Addison

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Ad·di·son

(ad'i-sŏn),

Ad·di·son

(ad'i-sŏn),
Christopher, English anatomist, 1869-1951. See: Addison clinical planes.
References in periodicals archive ?
One of the Restoration dramatists - George Farquhar - lived in Shrewsbury, and the foremost essayist of the era, Joseph Addison, came from Lichfield.
The TLS had been concerned from the beginning with establishing itself as a guide for what the common reader should read, a project that has its roots in the criticism of Joseph Addison and Samuel Johnson.
In a 1711 issue of the Spectator, Joseph Addison condemned the "loose Tribe of Men .
Biography was enlisted in explanation: In 1862, Harris, an illegitimate child who never knew his father, went to work as a boy of fifteen in the printshop of Joseph Addison Turner's Turnwold plantation, near his home town of Eatonton in Putnam County, Georgia.
The most famous of its owners was the 18th century poet, essayist and politician, Joseph Addison, and a previous occupant was playwright Edward De Vere, who some believe to be the true author of many of Shakespeare's plays.
I was encouraged to believe Joseph Addison when he wrote, "What sunshine is to flowers, smiles are to humanity.
The piece is another exercise in massed orchestral sonorities (a genre currently popular with a number of today's composers), springing from a poem by Joseph Addison.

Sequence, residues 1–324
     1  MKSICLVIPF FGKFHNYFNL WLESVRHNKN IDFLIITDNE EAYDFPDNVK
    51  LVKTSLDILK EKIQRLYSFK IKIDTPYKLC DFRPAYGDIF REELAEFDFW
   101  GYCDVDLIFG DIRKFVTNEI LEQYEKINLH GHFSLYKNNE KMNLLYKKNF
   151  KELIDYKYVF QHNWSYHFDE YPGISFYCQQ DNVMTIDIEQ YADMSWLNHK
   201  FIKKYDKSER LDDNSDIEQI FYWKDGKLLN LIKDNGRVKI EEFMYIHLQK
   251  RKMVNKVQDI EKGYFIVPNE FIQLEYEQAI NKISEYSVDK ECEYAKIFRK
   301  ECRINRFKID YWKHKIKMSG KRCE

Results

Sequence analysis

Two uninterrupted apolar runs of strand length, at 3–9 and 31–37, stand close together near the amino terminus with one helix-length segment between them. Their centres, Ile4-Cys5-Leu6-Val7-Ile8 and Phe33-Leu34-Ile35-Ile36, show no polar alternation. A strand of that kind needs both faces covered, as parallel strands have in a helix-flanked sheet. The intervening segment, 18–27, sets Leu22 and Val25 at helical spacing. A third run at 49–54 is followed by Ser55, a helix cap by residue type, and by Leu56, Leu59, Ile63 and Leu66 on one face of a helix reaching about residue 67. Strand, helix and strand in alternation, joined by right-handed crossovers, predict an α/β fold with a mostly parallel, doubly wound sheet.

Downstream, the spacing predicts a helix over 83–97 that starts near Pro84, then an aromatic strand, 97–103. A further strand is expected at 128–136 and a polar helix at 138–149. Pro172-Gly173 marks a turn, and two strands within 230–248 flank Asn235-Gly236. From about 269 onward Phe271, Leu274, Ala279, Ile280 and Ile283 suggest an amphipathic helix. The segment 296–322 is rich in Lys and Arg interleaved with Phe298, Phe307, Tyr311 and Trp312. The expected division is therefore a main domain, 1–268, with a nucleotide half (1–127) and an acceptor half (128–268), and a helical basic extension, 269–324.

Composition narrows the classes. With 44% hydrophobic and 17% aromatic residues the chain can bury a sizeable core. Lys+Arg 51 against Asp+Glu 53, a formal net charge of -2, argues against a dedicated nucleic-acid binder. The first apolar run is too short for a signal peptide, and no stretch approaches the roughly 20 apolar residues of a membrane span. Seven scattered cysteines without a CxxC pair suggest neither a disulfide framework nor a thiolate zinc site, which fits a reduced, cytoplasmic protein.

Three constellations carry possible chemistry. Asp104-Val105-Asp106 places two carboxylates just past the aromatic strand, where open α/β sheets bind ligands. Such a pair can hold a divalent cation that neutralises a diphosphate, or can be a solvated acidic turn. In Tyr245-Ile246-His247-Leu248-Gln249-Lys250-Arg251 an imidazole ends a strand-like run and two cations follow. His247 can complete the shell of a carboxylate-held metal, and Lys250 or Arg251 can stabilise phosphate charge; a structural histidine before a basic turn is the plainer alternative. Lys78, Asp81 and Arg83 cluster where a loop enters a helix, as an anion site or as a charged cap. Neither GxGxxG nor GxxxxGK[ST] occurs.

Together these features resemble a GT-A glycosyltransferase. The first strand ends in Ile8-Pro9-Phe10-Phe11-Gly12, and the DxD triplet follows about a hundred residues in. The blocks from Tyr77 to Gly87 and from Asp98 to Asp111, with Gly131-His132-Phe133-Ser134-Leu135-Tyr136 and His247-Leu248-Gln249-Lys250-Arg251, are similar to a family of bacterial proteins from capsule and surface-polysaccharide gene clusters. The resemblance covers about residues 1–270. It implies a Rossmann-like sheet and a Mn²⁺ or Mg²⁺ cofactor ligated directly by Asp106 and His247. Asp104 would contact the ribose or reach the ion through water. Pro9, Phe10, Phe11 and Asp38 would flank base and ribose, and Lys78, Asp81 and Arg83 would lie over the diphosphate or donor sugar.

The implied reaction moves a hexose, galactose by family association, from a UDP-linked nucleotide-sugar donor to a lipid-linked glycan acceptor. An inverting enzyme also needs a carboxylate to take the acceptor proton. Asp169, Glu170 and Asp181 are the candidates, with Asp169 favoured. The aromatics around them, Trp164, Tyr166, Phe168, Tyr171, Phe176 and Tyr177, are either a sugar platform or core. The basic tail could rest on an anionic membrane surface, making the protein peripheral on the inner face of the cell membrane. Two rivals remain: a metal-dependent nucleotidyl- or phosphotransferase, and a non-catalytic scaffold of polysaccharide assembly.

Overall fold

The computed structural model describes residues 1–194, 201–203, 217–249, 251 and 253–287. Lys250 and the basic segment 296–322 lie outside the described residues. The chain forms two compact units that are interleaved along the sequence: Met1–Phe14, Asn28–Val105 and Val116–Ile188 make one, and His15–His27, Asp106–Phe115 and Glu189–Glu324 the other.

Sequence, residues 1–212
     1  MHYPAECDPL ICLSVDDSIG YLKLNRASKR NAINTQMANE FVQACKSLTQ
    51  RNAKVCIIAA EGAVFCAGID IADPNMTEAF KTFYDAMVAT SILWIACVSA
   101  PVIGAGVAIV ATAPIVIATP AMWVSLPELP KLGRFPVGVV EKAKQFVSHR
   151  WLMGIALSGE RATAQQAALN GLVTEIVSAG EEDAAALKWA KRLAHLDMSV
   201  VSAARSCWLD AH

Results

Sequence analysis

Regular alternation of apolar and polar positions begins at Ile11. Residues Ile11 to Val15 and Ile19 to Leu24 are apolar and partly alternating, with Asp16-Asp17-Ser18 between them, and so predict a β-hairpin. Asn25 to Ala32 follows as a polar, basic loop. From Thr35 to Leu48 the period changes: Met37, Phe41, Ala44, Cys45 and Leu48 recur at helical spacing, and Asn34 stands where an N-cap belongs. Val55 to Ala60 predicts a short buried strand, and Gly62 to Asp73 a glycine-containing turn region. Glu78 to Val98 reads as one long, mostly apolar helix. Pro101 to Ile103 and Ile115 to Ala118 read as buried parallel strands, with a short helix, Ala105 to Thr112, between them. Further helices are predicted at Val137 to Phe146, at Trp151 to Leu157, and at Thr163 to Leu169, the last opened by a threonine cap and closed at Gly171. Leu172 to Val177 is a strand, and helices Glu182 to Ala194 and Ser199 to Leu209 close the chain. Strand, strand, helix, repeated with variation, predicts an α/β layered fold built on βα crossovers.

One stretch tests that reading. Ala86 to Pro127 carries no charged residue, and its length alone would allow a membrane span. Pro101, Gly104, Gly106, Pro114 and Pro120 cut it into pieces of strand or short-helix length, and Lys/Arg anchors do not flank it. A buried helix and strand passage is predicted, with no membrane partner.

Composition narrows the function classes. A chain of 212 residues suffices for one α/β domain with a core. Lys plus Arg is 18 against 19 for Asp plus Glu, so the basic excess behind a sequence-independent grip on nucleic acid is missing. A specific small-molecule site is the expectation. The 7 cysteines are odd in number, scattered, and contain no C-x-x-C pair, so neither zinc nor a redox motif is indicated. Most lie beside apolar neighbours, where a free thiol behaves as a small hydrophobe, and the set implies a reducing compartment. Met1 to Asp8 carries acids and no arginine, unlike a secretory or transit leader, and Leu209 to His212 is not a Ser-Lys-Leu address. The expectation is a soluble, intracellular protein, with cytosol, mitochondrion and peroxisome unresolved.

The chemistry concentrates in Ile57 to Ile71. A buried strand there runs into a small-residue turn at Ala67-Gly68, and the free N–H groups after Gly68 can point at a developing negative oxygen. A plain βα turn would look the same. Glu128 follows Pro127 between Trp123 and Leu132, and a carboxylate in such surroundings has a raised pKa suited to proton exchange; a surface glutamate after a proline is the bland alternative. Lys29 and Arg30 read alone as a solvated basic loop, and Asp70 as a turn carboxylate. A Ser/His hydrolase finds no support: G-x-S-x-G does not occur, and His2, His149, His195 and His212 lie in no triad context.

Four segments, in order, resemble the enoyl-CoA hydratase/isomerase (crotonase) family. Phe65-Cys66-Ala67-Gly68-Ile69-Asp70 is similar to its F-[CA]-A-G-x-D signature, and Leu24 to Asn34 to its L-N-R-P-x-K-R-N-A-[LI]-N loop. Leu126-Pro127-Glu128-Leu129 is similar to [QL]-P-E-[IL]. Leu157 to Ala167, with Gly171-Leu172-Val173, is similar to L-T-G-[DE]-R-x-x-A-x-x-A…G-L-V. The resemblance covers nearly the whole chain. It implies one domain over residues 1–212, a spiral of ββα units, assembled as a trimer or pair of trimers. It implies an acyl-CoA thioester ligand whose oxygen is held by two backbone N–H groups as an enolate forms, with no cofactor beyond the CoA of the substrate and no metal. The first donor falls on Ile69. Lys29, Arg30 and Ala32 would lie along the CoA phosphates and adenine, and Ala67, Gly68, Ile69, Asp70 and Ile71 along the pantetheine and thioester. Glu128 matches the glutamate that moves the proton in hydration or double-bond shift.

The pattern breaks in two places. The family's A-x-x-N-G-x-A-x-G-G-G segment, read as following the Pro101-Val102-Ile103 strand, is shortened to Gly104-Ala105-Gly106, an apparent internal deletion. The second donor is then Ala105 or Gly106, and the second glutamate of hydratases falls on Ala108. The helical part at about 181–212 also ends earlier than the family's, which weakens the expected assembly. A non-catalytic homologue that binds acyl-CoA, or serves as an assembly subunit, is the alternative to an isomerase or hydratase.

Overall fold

Woodes Rogers sought the help of Richard Steele (partner of Joseph Addison in the publication of the Tatler).
With his friend and collaborator, Joseph Addison, Sir Richard Steele began magazine writing in London.
He does so through careful examination of critical pronouncements by such figures as John Dennis, Joseph Addison, and Richard Blackmore, who attempted to articulate rationales for a language of feeling that supplies Irlam's strongest unifying concept, as he investigates its justification and its instantiation in the poetry of Young and Thomson.
The Whig Joseph Addison, on the other hand, in the Spectator (1711-12), takes Quixotic madness as a model for revaluing the imagination that Swift treats as transgressive, and transforms Swiftian satiric ridicule into pure comedy, based on an aesthetics of pleasurable response or sympathetic laughter, an area which he designated as the Novel, New, or Uncommon.
I have often thought," wrote Joseph Addison in The Tatler, "it happens very well that Christmas should fall out in the middle of winter.